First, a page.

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For Teachers > Experiment and Activity Tips > Build an Electrical Circuit
Energy Efficiency World
Build an Electrical Circuit

Download Teacher's Guide The experiment, Build an Electrical Circuit, appears in the section “Learn About Energy.”

Students will need the materials listed on the website:

  • D-cell battery
  • A 1.2-volt light bulb with matching base
  • 2 pieces of insulated wire with 1 inch stripped on each end
  • Masking tape
  • A printed copy of this activity
  • A pencil to write your answers

Students will build a circuit and gain an understanding that in order for electricity to travel where we need it, there must be a complete circuit of electricity. Students should realize that a complete circuit is like a circle. Students will learn that electricity is produced at one place, travels around the circuit, and returns to the starting place.

Safety First

  • Students should be supervised by an adult while doing this experiment.
  • A teacher or another adult should be responsible for stripping insulation.
  • Explain to students that electricity can be dangerous if it is not handled correctly, and emphasize that they should never experiment with the electricity that comes from a wall outlet. It’s much more powerful than the electricity made by small batteries and could seriously injure or even kill someone.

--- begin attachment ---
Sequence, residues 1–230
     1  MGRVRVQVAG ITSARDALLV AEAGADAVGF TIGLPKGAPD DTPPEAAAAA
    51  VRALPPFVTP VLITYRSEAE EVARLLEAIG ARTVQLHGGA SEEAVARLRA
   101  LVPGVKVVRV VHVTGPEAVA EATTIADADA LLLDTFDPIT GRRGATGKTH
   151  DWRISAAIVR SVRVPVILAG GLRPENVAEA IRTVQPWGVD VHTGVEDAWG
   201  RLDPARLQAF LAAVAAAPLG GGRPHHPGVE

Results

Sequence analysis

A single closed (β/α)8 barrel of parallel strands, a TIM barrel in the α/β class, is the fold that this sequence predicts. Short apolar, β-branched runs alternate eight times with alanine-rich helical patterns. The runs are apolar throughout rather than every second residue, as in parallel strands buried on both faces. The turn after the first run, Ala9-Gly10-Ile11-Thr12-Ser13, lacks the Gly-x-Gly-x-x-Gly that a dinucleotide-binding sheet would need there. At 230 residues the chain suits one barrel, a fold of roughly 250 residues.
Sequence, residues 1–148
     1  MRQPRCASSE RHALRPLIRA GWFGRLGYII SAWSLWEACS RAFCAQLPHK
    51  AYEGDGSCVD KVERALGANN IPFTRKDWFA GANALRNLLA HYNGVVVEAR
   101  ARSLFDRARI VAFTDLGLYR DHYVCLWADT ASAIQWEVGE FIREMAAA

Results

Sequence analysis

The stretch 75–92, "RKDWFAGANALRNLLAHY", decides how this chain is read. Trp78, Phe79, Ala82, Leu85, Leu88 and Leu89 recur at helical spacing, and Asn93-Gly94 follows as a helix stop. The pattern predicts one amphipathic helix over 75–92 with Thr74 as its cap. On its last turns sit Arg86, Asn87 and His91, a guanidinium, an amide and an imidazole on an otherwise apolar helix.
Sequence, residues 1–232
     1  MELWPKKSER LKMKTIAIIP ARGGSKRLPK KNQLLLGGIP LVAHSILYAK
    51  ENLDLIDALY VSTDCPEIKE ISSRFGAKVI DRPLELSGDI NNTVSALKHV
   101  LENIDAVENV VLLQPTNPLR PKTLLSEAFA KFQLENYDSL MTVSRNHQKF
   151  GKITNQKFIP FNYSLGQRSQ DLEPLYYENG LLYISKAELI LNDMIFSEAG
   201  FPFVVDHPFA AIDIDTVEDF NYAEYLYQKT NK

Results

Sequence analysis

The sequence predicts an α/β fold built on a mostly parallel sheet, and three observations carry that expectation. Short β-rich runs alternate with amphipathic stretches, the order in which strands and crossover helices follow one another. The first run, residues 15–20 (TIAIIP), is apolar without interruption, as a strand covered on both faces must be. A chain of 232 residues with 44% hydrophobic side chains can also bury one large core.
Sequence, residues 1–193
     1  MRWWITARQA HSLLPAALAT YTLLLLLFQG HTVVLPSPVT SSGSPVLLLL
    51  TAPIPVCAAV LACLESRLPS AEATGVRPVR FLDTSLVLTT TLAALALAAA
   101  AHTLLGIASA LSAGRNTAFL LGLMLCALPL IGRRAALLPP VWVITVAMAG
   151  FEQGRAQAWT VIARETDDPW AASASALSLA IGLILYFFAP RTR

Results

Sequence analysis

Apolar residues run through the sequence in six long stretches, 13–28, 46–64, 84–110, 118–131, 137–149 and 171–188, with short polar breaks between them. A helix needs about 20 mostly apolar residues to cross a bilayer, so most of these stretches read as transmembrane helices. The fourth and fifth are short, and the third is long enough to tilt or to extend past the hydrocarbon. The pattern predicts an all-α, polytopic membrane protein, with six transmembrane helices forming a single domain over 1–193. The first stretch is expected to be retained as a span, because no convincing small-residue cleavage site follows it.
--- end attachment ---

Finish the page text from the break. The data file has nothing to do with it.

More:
Experiment Tips
Teachers should strip the wires ahead of time and make sure the batteries are fresh. Use tape to stick the wires to the ends of the battery.

Getting It Across
Have students read the information and follow the steps on the page. Make sure they are able to identify the circuit electricity travels from the battery to the light bulb and back, and the circuit electricity travels from power plants to homes and back. They should be able to equate the wires in the experiment with power lines and electrical wiring in the electric distribution system.

Questions and Answers

  1. Ask students to share their predictions and results after building a complete circuit from the battery to the light bulb and back again. Were the results the same? If not, why not? (Answers will vary. Be sure the experimental setup was not at fault.)
  2. Ask students to share their predictions and results of what happened when adding 10 or more light bulbs to the circuit. (Answers will vary.)
  3. What adjustments would you have to make to be sure that all the bulbs would light up? (You would have to add more batteries.)

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